Behind the veteran free agent acquisitions and the 12 new draft picks, there's one other large adaptation that occurred this offseason with the Cleveland Browns: head coach Mike Pettine is now focusing more of his time on the offense than the defense.
It's a story we've written about, and in terms of narratives going into the 2015 campaign, it could be paramount for success.
Now that administrative duties and the defensive scheme – firmly led by defensive coordinator Jim O'Neil – have been set, Pettine spends his mornings sitting in meetings with the offense.
"I feel very rejuvenated as a coach to be in there and be a part of it," Pettine said Friday at the Browns Foundation's annual golf outing. "(Offensive coordinator John DeFilippo) and I are very much on the same page with where this offense is headed. I'm real excited to be a part of it."
Pettine's new role isn't just as a keen observer in the back of the classroom. The 47-year-old is rolling up his sleeves and putting on his creative hat – even creating flash cards for himself so he masters the system. Pettine has been involved in the entire big picture planning for Cleveland's new offense, drawing up certain concepts with current players on the roster.
Once the season rolls around, Pettine will be engaged in game-planning efforts, too, playing devil's advocate with his background in creating blitzes and elaborate coverage schemes.
"I have a good feel for NFL defenses having studied a lot of them," Pettine said. "Knowing the coaching trees and different styles and different rules – I think that's where I can be beneficial."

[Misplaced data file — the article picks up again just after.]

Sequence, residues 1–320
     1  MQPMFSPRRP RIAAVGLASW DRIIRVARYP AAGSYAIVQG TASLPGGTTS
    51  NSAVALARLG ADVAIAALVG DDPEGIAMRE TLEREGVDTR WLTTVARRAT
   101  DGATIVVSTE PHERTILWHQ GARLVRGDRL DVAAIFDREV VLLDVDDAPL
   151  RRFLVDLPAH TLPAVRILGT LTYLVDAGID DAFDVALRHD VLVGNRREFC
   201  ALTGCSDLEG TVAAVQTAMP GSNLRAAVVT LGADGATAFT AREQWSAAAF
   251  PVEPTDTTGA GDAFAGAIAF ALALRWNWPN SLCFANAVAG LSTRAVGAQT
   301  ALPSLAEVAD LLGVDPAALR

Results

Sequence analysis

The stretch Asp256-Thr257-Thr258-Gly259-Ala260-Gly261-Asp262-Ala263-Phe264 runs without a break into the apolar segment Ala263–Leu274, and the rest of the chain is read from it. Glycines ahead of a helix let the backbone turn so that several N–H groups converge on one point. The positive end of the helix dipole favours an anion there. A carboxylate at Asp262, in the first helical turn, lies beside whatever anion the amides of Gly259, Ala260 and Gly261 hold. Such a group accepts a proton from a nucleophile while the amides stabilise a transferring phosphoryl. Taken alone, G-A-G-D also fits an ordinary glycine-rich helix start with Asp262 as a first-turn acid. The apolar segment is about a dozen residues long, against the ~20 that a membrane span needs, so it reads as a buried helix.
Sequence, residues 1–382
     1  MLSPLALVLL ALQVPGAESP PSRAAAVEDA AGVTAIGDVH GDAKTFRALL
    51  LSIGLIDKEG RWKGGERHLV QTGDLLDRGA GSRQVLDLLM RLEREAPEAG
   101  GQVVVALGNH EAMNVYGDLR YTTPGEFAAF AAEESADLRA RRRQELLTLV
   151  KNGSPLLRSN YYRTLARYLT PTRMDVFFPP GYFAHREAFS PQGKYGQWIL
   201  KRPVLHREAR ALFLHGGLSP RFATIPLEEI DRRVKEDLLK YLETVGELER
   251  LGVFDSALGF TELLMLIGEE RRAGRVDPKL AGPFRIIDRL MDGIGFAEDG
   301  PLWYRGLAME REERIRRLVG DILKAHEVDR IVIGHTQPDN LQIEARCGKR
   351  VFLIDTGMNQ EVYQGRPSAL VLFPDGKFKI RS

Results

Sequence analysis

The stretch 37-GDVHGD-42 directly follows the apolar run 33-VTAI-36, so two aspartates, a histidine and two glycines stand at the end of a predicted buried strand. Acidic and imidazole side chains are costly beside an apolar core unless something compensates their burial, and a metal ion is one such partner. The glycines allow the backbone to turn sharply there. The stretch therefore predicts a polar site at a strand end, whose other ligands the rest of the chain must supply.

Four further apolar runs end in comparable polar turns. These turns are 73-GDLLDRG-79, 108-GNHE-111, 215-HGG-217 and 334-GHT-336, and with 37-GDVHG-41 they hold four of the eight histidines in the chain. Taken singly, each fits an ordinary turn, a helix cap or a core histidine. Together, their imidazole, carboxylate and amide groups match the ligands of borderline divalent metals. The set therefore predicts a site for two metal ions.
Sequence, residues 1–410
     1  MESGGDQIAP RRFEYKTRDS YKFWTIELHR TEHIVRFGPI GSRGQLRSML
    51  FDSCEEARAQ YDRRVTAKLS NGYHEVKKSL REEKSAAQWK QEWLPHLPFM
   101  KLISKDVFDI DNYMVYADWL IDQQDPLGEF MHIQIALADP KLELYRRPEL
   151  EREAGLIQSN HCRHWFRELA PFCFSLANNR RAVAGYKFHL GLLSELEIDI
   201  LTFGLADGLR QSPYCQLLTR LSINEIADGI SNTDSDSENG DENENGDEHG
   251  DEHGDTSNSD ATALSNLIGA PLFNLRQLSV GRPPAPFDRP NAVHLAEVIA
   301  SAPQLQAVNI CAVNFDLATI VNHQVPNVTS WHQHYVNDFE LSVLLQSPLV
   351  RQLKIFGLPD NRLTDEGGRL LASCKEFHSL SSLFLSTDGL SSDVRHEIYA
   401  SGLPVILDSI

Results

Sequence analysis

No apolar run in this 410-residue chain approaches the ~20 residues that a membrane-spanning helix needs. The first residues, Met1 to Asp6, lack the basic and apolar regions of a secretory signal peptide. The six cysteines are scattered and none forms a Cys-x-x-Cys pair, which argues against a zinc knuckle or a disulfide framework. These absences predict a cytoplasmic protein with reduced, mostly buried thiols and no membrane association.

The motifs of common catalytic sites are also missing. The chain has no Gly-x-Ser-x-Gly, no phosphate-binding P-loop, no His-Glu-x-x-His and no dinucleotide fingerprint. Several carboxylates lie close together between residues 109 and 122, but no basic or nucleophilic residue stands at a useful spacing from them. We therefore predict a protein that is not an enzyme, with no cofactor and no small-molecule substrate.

The broader strokes of Cleveland's offense have been discussed publicly. The Browns will continue to pound the rock with Isaiah Crowell, Terrance West and, now, Duke Johnson by keeping the zone running system intact. Playmakers will get the ball in different spots all over the football field.
But on an ideal Sunday, Cleveland won't be throwing the football 50 times a game. Without a perennial Pro Bowl quarterback on the roster, Pettine and DeFilippo didn't want to build an offensive system that relied solely upon a gunslinger making plays on third-and-long. It's a strategy that enticed free agent quarterback Josh McCown to choose Cleveland over Buffalo.
"It's a formula that's not the most common path," Pettine said. "People still try to be quarterback driven. I'm not saying we are going to be looking to win games 9-6. We still want to be explosive on offense. We just don't want to put our quarterback in situations where the percentages aren't there."